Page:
Princeton, NJ (PRWEB) March 26, 2006
What did Cardinal Alessandro Farnese, the protagonist in the historical novel Maddalena, have in common with his grandfather Pope Paul III, besides being the greatest art patron of his time? A lust for women.
When Alessandro was twenty-four-years old, his miniaturist Giulio Clovio provided Titian with a sketch of his mistress, the courtesan Angela, whose lovely face was immortalized in the Venetian master’s reclining nude, kept in the cardinal’s private quarters for most of his life. To satisfy a code of propriety, the Venetian master transformed the sensuous nude in Alessandro’s painting into the mythological Danaë being raped by Zeus, the wanton god symbolized by a shower of gold.
How sensuous? The papal nuncio, Giovanni Della Casa, reported that Titian’s masterpiece would have excited even the principal Censor of the Church, and the future head of the Roman Inquisition, the severe Dominican Tommaso Badia. Although the Pope was furious by his grandson’s lack of prudence, if not virtue, he was too busy having his bedroom decorated with the frescoes of Cupid and Psyche. And Cardinal Farnese, protected by his grandfather, and unlimited wealth, could not only buy many courtesans’ favors, but stop the wagging fingers over breaking every code of honor imposed on him as the second-in-command after the Pope.
A family aberration? Surely not.
Paul III ascended to the papal throne with four legitimized children, and great dynastic plans for his grandchildren. His grandson Alessandro, made Cardinal at fourteen, and life-time Vice-Chancellor at fifteen, resented his ecclesiastical career, dreaming of being a prince. Papabile three times, he didn’t take his major vows for thirty years. Unlike Paul III, the immensely rich Alessandro was not rich enough to bribe his way to the coveted papal chair.
Maddalena, Book One of The Golden Tripolis Trilogy, is about Alessandro Farnese’s love for a Jewish flower woman who converts to Catholicism. Taking the biblical name Magdalen, Alessandro’s mistress eventually suffers at the hands of the Roman Inquisition. The crippled, blinded woman who survives the ordeal at the stake becomes a healer in the service of God and the people.
Maddalena’s character deepens with her conversion. Philip F. O’Connor, the 1994 Pulitzer Prize Chair for Letters, commented: “From the beginning of their relationship, when we see the incredibly powerful member of the Curia distracted by the beauty of a young Jewish woman, we are captivated. As she becomes more involved with the aging cardinal, she becomes more pious, more saintly. As the man of God falls to his love for her, he at first becomes more helpless and worldly, as vulnerable, as human, as Christian, as seems possible for him.”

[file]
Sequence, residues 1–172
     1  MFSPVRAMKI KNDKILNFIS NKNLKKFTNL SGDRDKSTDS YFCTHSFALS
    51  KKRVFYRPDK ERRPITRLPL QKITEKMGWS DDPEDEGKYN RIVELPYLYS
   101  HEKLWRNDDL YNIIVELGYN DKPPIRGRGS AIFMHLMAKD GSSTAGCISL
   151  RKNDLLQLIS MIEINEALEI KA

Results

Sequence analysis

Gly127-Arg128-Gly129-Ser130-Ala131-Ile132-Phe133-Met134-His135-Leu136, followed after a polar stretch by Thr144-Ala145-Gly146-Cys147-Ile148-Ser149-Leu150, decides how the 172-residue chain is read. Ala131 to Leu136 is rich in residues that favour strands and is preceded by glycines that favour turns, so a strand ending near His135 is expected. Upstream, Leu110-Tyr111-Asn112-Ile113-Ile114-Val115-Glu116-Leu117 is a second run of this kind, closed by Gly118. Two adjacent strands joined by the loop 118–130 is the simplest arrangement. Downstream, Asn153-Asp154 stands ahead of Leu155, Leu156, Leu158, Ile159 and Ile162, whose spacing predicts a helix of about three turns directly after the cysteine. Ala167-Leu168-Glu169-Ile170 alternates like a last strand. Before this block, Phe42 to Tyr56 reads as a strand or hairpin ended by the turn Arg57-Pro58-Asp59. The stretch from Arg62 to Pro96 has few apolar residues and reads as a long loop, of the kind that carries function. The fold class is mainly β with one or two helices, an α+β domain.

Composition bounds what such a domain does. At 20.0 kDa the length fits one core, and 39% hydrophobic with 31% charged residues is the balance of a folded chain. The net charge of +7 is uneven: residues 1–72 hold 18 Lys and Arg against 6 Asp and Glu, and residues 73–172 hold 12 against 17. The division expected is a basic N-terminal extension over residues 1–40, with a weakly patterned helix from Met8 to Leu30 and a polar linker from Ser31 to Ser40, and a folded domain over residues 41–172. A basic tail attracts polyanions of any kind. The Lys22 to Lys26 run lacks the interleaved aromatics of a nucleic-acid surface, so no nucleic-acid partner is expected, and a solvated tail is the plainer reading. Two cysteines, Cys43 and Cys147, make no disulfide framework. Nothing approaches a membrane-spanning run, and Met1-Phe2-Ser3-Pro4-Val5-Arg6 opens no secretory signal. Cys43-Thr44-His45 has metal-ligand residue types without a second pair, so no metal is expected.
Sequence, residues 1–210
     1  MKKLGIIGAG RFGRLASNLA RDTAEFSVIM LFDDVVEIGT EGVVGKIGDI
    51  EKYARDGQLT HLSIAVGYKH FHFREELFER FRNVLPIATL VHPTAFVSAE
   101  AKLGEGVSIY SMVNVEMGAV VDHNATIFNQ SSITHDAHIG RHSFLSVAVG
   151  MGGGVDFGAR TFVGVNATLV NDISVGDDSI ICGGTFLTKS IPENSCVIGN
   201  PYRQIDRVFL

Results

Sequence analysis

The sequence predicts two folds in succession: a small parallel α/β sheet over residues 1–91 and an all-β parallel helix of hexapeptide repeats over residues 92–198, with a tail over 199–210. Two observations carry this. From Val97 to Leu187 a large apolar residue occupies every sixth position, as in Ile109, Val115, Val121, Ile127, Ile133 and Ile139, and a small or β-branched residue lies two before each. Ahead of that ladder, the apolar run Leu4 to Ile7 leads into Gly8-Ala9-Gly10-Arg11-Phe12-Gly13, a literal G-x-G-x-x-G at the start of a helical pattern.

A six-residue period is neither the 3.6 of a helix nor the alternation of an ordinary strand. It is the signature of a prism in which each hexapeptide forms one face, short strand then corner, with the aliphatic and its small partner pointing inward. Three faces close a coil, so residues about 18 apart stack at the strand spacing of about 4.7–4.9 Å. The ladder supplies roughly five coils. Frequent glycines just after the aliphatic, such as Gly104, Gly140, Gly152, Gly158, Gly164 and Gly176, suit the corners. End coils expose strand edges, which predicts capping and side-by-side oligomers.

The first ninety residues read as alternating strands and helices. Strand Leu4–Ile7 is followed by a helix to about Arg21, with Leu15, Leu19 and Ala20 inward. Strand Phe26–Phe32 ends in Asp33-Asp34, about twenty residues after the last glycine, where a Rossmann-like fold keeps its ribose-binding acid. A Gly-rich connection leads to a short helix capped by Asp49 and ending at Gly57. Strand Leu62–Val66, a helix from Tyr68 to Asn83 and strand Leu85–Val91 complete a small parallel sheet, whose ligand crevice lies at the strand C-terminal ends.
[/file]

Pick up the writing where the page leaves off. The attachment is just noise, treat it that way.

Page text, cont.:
The moral climate in the Eternal City is so severe that one can be burned at the stake for the smallest transgression from church dogma. Yet, the Vatican’s most powerful Cardinal has a mistress, an illegitimate son and a daughter, and a sexual relationship with his ward. Prudence, temperance, courage, and justice may be the cardinal virtues; the Cardinal clearly possesses none of them. That His Most Reverend Excellency, Cardinal Farnese, actually lived, adds a deeper dimension to what is already a stunningly rich tapestry of everyday life in Michelangelo’s Rome.
A sensual, compelling story of wealth, power, and piety based on historical characters, Maddalena concludes in St. Peter's square on Easter Sunday in 1575, the stage of a miraculous ascension. Inspired by Titian’s nude Penitent Magdalen, which once belonged to Alessandro’s historical brother-in law, the plot is replete with religious issues: the corruption of the Roman Catholic Church, the Protestant revolt in the Low Countries, St. Bartholomaeus night's massacre of the Huguenots in Paris, and the huge Christian naval victory over the Moslems at Lepanto. Ms. Siroka, an art historian with a doctorate from Princeton University, has a wonderful talent for weaving known facts into rich tapestries full of emotional power and a plea for religious tolerance, in which Catholic converts like Maddalena become nascent saints.
An engrossing love story and sensual tour of ecclesiastic and artistic Rome, Maddalena features nearly two dozen color plates of Ms. Siroka’s stunning watercolor illustrations, and the painting of the Magdalen that graces the cover of the book. A professional artist with works in private and public collections in North America and Europe, Ms. Siroka has equal gifts for storytelling, painting, and scholarship, which come marvelously together to make Maddalena a delightful experience. It would be a sin to miss it.
See Eva Siroka’s website for a two-minute multimedia bookpresenter, with various links and book reviews.
Gulotta Communications Inc.
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